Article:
any contamination isn't threatening private wells or municipal water
systems. But ground water contamination could eventually migrate to wells
if not stopped, Morgan said.

Otherwise, the plant is largely isolated, surrounded by agricultural fields
and just a few homes.

"When we hear they are discharging hazardous waste into our drainage
ditches, we are obviously concerned," said Joseph Parente, administrator
for the Madison County's building, zoning and environmental department.
"But it's the state's jurisdiction, so we're acting as bystanders."

Testing shows that contaminants in Long Lake are below dangerous levels
when the creek reaches Pontoon Beach.

But property owners there aren't taking any chances. They have a civil suit
pending in Madison County Circuit Court.

                        Chemetco Chronology

1986: Chemetco Inc. near Hartford secretly installs a pipe to carry waste
metals from the copper smelting plant into Long Lake. The company faces a
criminal fine for that action.

1991: Leftover metals at the site are classified as hazardous waste.

1998: Robert and Ann Boettcher settle a suit against Chemetco for
undisclosed terms.

January 2000: Haskell Pyatt and Robert and Pamela Jellen, who each own real
estate adjacent to Long Lake, sue the company for $ 11 million each,
claiming land was damaged by toxins released from a secret Chemetco Inc.

March 2000: The Chouteau, Nameoki and Venice Drainage District sues
Chemetco and several of its officers and employees in Madison County
Circuit Court alleging that the plant's installation of a secret pipe that
drained lead, cadmium and zinc into Long Lake permanently damaged the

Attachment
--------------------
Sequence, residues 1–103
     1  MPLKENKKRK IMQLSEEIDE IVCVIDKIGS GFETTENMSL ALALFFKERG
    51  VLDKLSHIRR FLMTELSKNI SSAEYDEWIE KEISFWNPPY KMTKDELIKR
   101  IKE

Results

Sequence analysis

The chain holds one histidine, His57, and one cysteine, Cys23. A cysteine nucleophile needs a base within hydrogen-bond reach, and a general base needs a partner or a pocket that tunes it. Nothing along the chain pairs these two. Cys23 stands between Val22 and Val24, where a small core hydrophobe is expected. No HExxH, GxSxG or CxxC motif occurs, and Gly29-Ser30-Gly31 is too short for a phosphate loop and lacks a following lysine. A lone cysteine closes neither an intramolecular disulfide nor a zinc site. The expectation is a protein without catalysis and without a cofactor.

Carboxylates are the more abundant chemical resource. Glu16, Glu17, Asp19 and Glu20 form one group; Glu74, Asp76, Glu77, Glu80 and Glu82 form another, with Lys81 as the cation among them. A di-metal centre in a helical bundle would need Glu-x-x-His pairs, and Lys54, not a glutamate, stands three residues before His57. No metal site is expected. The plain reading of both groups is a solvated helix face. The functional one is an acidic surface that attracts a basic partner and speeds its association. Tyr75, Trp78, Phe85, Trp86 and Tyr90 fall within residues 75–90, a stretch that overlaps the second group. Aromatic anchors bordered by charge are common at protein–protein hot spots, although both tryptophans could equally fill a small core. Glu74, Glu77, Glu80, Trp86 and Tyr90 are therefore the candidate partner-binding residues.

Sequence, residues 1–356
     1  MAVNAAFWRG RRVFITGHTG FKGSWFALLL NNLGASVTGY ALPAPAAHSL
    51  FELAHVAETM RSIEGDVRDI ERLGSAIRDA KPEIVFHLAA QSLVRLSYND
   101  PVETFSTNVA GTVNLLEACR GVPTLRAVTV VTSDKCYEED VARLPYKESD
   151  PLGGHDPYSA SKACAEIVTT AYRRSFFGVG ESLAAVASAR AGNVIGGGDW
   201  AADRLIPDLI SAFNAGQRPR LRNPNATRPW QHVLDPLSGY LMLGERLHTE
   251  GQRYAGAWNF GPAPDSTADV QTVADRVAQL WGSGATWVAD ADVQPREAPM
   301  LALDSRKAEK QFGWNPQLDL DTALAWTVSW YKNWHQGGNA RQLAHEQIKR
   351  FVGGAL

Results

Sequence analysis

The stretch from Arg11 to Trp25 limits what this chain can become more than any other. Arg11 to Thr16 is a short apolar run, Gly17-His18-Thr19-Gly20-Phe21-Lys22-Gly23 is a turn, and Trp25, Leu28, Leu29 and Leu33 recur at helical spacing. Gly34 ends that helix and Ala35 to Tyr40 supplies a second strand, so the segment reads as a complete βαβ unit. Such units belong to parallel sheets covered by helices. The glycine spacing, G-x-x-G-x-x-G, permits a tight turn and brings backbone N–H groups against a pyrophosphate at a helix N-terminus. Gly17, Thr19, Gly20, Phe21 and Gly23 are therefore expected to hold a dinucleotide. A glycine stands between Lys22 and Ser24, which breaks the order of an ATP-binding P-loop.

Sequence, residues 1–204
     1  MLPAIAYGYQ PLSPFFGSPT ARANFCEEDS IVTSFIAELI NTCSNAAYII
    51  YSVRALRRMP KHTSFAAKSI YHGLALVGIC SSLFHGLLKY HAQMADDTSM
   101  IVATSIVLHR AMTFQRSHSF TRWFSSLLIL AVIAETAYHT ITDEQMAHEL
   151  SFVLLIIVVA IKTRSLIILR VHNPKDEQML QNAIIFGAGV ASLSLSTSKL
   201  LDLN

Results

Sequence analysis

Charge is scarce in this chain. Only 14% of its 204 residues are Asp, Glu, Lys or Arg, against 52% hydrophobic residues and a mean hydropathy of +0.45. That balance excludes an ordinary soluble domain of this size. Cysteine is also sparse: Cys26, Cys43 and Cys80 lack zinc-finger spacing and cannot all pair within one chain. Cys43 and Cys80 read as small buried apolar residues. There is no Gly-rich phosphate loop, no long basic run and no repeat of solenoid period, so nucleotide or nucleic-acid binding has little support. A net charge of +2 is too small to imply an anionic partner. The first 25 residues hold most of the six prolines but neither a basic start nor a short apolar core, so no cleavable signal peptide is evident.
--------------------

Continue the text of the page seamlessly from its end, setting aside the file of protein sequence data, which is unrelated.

drainage district's property. District officials are seeking $ 50,000 plus
punitive damages.

April 2000: Two workers at Chemetco each received one year of probation and
a $ 2,500 fine in U.S. District Court in East St. Louis for their roles in
the dumping of contaminated soil into Long Lake. Two other former workers
at the plant are sentenced to home confinement for their part in the

August 2000: The state of Illinois joins the federal government in suing
Chemetco over pollution. (St. Louis Post-Dispatch, September 19, 2000)

COLORADO: Defends Care for Mentally Ill in Contempt of Court Hearing
A lawyer said the state should be fined $1.7 million and its top human
services official should have to live in homeless shelters until Colorado
takes better care of the chronically mentally ill. Kathleen Mullen also
said during a contempt-of-court hearing Monday that the state has ignored a
1999 court order to improve care for mentally ill Coloradans. Therefore,
Marva Hammons, executive director of Colorado's Department of Human
Services, should "go to a shelter every night until there is compliance,"
Mullen said.

But Wade Livingston, the assistant attorney general representing Hammons,
said the state has poured millions of dollars into helping Denver's
mentally ill and has complied with an order by Denver District Judge Morris
Hoffman. "We have dramatically increased services," Livingston said.

Hoffman's ruling last year that the state must fully staff housing for the
chronically mentally ill stemmed from an agreement settling a 1981
class-action lawsuit.

But Mullen contended many of the 1,600 mentally ill clients she represents